Among the treasure trove of damning government documents leaked by Edward Snowden in 2013 that exposed the NSA’s vast surveillance activities was one that detailed a secret U.K. program known as Phantom Parrot. It allows authorities to stop people entering the country in order to download their personal data from their phones and other electronic devices, even without their knowledge.
It’s also the title of Kate Stonehill’s debut feature documentary, which premieres in the Zurich Film Festival’s Border Lines sidebar. “Phantom Parrot” traces the case of U.K. human rights activist Muhammad Rabbani, who was found guilty in 2017 of a terror-related crime for refusing to provide his passwords to police at London’s Heathrow Airport under Britain’s Schedule 7 of the Terrorism Act 2000.
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Rabbani is the international director of advocacy group CAGE, which assists individuals who have been affected by state policies related to the so-called “war on terror.” Rabbani was stopped upon his return from Qatar, where he was meeting with a client, Ali Al-Marri, who claimed to have been unjustly detained and tortured in the U.S. for being a suspected terrorist.
“Even though the final film has multiple elements, my entry point into it was the story of Rabbani,” Stonehill explains.
She learned about Rabbani’s case from one of the protagonists of a short film she made about six individuals who were labeled by the U.K. government as non-violent extremists.
“That was all I knew at the time. I didn’t know the back story and I hadn’t really mapped out the other areas the film was going to go into in the end, but from the off, I was just really interested in this question of who has the right to our data and also what are the methods that can be used to obtain it.”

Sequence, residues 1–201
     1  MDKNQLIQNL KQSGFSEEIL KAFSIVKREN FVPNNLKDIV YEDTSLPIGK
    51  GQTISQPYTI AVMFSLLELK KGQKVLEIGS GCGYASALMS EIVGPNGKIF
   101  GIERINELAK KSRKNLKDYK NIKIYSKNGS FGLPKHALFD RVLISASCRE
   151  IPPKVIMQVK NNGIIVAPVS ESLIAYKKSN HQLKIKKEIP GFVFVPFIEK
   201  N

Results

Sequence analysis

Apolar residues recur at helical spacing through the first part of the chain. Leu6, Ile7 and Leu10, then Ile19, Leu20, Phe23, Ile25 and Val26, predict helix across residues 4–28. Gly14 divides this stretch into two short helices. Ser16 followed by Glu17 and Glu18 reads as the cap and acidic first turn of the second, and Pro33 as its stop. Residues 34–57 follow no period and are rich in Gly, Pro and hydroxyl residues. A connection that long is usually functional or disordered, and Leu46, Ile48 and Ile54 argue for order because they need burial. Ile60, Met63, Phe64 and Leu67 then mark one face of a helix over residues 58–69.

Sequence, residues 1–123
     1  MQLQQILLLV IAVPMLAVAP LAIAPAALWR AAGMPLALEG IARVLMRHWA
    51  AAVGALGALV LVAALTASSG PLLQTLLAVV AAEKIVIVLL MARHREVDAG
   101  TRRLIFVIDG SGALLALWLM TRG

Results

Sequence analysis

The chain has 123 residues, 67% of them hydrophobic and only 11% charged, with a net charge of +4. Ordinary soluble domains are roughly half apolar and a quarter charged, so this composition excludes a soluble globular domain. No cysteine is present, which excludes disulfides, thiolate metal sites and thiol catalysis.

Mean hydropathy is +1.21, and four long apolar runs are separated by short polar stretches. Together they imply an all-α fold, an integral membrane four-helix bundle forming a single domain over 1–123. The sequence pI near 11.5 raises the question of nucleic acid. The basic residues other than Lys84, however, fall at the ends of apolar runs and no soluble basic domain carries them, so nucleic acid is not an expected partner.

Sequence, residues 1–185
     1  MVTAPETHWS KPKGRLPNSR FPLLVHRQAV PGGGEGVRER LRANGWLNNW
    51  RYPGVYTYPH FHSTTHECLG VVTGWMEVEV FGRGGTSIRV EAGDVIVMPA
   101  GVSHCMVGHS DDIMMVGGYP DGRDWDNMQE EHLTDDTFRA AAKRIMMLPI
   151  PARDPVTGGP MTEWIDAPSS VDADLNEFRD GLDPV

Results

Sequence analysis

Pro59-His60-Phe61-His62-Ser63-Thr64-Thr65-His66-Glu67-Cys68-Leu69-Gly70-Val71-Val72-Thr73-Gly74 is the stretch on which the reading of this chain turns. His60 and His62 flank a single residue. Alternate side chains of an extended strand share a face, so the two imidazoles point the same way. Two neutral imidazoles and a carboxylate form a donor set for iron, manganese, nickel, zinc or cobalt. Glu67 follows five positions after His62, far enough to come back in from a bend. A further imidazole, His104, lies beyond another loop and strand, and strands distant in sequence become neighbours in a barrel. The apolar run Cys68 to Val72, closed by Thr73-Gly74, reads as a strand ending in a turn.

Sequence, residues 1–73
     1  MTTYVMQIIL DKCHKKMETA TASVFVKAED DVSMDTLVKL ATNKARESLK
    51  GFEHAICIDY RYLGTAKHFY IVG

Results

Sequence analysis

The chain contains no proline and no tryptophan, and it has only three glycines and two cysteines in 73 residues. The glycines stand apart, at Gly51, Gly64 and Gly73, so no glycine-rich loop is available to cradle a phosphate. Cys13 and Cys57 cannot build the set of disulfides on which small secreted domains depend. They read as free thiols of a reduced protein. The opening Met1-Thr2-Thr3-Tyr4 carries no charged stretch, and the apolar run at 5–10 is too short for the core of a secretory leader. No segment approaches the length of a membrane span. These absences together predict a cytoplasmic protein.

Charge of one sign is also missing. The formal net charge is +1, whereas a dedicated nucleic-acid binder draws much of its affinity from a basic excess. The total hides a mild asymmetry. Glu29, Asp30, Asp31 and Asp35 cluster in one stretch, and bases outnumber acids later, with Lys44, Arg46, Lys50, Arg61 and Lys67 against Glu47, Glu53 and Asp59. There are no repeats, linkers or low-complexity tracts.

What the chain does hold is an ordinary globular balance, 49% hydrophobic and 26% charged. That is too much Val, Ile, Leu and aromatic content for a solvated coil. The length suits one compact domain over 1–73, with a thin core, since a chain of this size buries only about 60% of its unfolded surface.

For Stonehill, whose work largely focuses on the digital age, power structures and the relationship between the citizen and the state, meeting Rabbani provided an ideal “opportunity to also place a human at the heart of a tech story, and that’s sort of rare.”
“I thought, we’ve got a person who’s going through a case that’s going to shed light on this question.”
The film also offers a broader look at the alarming use of intrusive technologies – “digital strip-searches,” as Rabbani describes them – and the public’s seeming acceptance of them.
“From the beginning I was really interested in those bigger questions,” Stonehill says.
“Phantom Parrot” features and discusses a number of high-profile figures who were closely involved with and also covered the Snowden leaks and NSA revelations, including journalists Glenn Greenwald and Ryan Gallagher. The film recounts the 2013 detainment of Greenwald’s late husband David Miranda at Heathrow under Schedule 7. Miranda, who went on to become a Brazilian congressman, was in transit from Berlin to Rio de Janeiro while carrying encrypted files, including thousands of highly classified U.K. intelligence documents.
“This was really a show of force by the British government to sort of try and intimidate reporters who were revealing controversial information about the British government’s and the American government’s massive surveillance programs that the general public had no idea were even operating,” Gallagher notes in the film.
Gallagher reported on both the Phantom Parrot program as well as the Rabbani case for The Intercept and he was also part of the team working on the Snowden archive, “so it was really important to me to bring those two elements into the conversation,” says Stonehill.
“There was a whole story behind how that reporting actually took place,” she adds, pointing out that Miranda was stopped under Schedule 7 while transporting the very documents that revealed the secret Schedule 7 policy that her film is about.
“I wanted to pay tribute to the fact that a lot of what we know about state surveillance is rooted in those leaks and they have a value. … A lot of people know the story of Snowden but I felt like this film was an opportunity to engage with one of the actual revelations itself.”
Also appearing in the film are renowned solicitor and human rights activist Gareth Peirce, who defended Rabbani in court, and Andrew Savage, Al-Marri’s U.S. attorney.
“Gareth Peirce is just amazing. We were thrilled that she appeared in the film because she really is an iconic lawyer who has fought some incredible fights in her long career.”
“Phantom Parrot” is sold by Java Films and CAA, with the latter handling North America.
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